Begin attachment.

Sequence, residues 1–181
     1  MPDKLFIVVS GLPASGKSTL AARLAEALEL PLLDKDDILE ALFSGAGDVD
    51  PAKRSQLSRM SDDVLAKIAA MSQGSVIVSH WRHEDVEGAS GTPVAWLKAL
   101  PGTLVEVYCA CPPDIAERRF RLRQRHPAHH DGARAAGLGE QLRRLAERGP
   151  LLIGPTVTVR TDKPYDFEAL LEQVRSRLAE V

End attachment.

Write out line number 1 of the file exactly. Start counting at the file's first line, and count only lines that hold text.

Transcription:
Sequence, residues 1–181